Elucidating the active sites for CO2 electroreduction on ligand-protected Au25 nanoclusters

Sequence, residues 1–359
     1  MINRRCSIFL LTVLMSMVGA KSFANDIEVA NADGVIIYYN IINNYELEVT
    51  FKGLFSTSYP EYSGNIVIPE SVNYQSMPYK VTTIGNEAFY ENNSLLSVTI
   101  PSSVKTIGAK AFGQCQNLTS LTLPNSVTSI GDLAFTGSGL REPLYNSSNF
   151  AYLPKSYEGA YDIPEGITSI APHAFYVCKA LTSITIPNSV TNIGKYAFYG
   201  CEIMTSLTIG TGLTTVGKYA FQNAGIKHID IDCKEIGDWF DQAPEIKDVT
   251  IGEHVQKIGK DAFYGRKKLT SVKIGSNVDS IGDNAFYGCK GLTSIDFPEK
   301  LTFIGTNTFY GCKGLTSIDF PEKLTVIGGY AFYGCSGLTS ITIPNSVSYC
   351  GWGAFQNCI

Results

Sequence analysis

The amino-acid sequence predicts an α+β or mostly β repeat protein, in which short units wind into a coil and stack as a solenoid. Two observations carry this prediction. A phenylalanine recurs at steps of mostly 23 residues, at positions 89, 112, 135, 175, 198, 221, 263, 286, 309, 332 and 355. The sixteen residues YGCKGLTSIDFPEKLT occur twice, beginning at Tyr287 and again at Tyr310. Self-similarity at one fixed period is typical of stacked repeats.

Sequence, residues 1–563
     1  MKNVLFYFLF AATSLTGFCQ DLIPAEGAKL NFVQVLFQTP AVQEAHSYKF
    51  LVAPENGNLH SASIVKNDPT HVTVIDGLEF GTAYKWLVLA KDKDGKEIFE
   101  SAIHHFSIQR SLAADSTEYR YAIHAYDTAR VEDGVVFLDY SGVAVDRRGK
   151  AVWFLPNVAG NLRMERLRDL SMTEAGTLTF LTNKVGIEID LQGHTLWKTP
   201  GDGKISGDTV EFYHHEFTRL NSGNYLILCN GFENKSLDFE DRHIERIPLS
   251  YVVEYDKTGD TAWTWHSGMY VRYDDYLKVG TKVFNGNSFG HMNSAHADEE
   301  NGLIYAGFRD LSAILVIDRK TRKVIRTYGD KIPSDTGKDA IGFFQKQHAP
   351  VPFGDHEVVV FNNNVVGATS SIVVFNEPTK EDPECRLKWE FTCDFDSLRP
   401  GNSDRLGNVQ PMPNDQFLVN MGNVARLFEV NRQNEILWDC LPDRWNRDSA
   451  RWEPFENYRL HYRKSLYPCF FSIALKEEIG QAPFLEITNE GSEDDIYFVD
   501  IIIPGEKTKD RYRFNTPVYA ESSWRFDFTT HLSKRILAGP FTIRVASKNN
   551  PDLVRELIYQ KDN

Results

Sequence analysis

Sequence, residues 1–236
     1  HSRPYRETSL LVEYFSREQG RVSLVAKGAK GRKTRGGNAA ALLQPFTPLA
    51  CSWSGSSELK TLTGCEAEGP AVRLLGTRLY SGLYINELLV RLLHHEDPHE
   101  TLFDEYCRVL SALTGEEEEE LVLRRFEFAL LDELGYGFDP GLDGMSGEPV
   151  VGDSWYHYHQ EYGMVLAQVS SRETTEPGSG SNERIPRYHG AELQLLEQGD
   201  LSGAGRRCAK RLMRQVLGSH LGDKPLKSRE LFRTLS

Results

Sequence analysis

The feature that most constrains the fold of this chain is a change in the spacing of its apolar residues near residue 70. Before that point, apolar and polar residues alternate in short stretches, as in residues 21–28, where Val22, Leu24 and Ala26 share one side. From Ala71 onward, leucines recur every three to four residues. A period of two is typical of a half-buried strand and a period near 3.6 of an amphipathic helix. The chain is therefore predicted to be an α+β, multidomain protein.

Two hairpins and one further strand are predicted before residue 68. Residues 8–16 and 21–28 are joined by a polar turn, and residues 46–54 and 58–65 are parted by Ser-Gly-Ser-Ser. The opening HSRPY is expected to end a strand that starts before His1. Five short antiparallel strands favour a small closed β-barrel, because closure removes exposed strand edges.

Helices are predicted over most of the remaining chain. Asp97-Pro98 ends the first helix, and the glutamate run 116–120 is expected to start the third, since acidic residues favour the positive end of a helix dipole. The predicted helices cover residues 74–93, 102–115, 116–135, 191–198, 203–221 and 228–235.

Using density functional theory (DFT) calculations, we investigated the electrochemical reduction of CO2 and the competing H2 evolution reaction on ligand-protected Au25 nanoclusters (NCs) of different charge states, Au25(SR)18q (q = −1, 0, +1). Our results showed that regardless of charge state, CO2 electroreduction over Au25(SR)18q NCs was not feasible because of the extreme endothermicity to stabilize the carboxyl (COOH) intermediate. When we accounted for the removal of a ligand (both –SR and –R) from Au25(SR)18q under electrochemical conditions, surprisingly we found that this is a thermodynamically feasible process at the experimentally applied potentials with the generated surface sites becoming active centers for electrocatalysis. In every case, the negatively charged NCs, losing a ligand from their surface during electrochemical conditions, were found to significantly stabilize the COOH intermediate, resulting in dramatically enhanced CO2 reduction. The generated sites for CO2 reduction were also found to be active for H2 evolution, which agrees with experimental observations that these two processes compete. Interestingly, we found that the removal of an –R ligand from the negatively charged NC, resulted in a catalyst that was both active and selective for CO2 reduction. This work highlights the importance of both the overall charge state and generation of catalytically active surface sites on ligand-protected NCs, while elucidating the CO2 electroreduction mechanisms. Overall, our work rationalizes a series of experimental observations and demonstrates pathways to convert a very stable and catalytically inactive NC to an active electrocatalyst.